Great talk, from a great speaker. The central point is very old and very general, and should be familiar to anyone with a little exposure to the humanities… so, not everybody. That is: “world-structuring beliefs are very powerful” even (especially!) when they are unconscious. The process of becoming more conscious of your own episteme will make you a better programmer, and probably a better person too.
But, regarding types and tests, I think he gives property-based testing way too short a shrift. When he says “QuickCheck just makes more examples”, he ignores that the examples are generated by a formula, which is itself a specification or description of the overall shape of the correctness regions in his little pictures. The test generation process is just sampling within that region. So, PBT lets you use all the expressiveness of your language of choice to specify correct behavior, and brings in some statistical methods to boot. You don’t need a fancy type system to use PBT. (I have nothing against type checking! It’s great, you should use it where and when you can.) Moreover, you can pay a little more and check the very same properties at run time, and now they’re called “contracts”. There’s a strong connection with fuzzing techniques too, which have proven themselves very effective at finding real-world bugs. The difference between point-wise unit tests and PBT is so big that I think it constitutes a paradigm shift in itself. No it’s not everything, but it’s a really good thing for software correctness, and much easier to use than many other powerful techniques.
While I’m up here on my soap box, philosophy is extra credit, but every CS curriculum and boot camp really should include at least a basic stats course. If you missed yours, get remediated as soon as you can! We all need at least a modicum of statistical literacy to have a hope of actually doing empirical science, without which we’re stuck in essentially religious modes of thought.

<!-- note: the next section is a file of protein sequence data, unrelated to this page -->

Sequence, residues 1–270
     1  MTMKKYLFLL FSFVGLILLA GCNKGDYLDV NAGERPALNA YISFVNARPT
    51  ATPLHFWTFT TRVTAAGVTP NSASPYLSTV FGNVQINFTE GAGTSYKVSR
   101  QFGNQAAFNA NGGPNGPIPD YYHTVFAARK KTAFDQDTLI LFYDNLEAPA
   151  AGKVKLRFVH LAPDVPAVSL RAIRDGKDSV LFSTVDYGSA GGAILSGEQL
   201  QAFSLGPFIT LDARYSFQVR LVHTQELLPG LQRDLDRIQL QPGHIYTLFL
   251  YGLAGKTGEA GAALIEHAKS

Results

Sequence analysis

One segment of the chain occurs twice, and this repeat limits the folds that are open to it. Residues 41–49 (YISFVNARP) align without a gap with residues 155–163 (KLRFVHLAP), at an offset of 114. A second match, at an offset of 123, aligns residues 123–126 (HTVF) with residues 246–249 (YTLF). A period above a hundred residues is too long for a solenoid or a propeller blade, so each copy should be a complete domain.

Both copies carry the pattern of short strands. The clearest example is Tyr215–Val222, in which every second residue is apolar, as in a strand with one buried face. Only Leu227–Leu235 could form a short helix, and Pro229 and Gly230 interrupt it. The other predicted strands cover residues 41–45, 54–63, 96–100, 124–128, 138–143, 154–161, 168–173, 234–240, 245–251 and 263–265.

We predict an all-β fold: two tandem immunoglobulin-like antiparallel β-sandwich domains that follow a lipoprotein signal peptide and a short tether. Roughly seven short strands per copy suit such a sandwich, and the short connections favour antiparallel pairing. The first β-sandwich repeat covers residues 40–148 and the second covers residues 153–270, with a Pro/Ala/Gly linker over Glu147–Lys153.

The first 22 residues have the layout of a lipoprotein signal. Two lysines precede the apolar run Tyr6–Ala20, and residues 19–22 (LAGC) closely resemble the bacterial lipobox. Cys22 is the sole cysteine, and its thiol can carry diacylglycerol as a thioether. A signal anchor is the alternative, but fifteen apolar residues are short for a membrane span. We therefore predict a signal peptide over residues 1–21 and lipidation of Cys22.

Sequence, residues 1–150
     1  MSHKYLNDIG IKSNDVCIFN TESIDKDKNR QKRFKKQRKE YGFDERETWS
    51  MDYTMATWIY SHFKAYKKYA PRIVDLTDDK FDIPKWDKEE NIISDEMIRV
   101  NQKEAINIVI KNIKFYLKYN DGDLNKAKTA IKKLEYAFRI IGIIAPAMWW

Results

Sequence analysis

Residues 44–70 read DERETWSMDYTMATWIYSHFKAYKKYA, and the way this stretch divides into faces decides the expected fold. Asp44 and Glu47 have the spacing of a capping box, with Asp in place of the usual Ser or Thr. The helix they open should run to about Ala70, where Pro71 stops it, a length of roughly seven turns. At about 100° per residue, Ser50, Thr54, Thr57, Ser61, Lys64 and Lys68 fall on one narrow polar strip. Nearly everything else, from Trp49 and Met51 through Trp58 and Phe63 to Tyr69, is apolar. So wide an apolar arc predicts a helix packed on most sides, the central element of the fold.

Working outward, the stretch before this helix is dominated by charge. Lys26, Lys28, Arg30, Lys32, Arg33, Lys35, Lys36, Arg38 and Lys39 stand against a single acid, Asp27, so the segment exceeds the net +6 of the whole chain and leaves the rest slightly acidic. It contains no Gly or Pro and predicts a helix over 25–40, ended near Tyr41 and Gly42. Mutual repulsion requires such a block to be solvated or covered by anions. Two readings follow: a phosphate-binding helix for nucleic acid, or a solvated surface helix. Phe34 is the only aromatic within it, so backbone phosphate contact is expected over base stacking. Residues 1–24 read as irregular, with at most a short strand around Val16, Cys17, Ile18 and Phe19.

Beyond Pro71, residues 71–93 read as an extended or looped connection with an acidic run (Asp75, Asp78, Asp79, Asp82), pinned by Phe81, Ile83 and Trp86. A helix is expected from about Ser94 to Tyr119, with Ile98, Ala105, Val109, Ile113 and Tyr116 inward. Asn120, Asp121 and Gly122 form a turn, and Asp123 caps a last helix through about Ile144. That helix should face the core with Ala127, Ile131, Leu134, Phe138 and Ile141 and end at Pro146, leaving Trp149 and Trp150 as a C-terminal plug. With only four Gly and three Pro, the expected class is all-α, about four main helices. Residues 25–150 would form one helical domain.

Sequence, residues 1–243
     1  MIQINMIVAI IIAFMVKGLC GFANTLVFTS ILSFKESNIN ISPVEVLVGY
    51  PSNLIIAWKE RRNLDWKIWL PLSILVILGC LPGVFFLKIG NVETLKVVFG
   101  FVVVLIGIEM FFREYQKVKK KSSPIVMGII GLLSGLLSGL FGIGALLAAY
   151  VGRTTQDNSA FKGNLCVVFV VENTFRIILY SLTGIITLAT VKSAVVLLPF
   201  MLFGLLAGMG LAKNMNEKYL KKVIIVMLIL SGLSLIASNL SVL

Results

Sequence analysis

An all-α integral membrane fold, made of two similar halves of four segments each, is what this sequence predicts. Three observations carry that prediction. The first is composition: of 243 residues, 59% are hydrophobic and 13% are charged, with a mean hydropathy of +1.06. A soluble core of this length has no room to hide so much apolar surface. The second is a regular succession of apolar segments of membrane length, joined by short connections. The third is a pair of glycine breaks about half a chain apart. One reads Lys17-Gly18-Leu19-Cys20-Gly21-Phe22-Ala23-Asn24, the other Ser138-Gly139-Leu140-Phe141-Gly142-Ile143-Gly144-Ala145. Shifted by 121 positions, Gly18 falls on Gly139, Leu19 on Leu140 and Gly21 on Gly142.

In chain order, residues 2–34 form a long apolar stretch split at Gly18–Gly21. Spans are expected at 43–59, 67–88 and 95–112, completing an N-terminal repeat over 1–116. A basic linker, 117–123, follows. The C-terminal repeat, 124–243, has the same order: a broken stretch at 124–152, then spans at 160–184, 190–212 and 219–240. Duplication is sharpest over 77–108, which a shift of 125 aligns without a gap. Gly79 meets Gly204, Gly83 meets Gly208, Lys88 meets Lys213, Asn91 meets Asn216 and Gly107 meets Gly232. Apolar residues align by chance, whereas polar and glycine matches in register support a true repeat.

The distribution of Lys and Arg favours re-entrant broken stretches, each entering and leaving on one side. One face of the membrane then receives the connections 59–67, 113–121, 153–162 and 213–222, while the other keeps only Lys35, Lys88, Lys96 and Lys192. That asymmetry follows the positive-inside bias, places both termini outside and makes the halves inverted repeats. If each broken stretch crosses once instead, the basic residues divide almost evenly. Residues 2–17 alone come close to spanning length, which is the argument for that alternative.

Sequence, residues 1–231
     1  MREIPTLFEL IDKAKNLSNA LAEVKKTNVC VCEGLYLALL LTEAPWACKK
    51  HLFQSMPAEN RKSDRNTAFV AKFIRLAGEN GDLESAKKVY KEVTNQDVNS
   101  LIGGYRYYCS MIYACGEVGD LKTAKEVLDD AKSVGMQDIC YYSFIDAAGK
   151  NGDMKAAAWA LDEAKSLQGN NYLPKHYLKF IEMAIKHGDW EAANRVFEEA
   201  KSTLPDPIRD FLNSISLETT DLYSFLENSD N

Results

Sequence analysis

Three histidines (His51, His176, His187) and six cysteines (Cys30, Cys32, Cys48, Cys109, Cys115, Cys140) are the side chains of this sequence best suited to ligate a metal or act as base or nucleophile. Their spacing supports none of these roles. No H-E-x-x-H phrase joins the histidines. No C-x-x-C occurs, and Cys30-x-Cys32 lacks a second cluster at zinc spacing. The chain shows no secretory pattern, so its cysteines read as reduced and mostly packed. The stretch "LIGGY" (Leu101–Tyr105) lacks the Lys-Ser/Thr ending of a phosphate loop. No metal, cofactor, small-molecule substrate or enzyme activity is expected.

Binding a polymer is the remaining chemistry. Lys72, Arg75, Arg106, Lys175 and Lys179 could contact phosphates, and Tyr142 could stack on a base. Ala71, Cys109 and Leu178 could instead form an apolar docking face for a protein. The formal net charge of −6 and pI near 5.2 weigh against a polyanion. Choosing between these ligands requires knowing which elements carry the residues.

(meta-comment) I would like to respond to each of your (excellent) points/paragraphs separately. I am interested in finding others in the lobsters community who might like more granularity. I think many of us might have some technical/UI/moderation ideas on how to make this easier. Any pointers on how I can get this ball rolling?
This is a 20 minute video from 2015 that likely still holds true in its entirety, which is why I’m re-posting it. It points out beliefs related to static vs dynamic type systems.
Thank you for doing this. It really enjoyed it, especially after reading this article from the frontpage. The voices (all the blog posts and papers we read, the open source projects we use, the marketing materials we drudge through) that speak in the code we write form what the article calls a chorus or this talk calls ideology, affecting the way we think and act, even if we don’t recognize it. While this is true for code, it is also true for the discussions on what the speaker calls the “fluid” of technical ideology: the Orange Site and also here on Lobsters.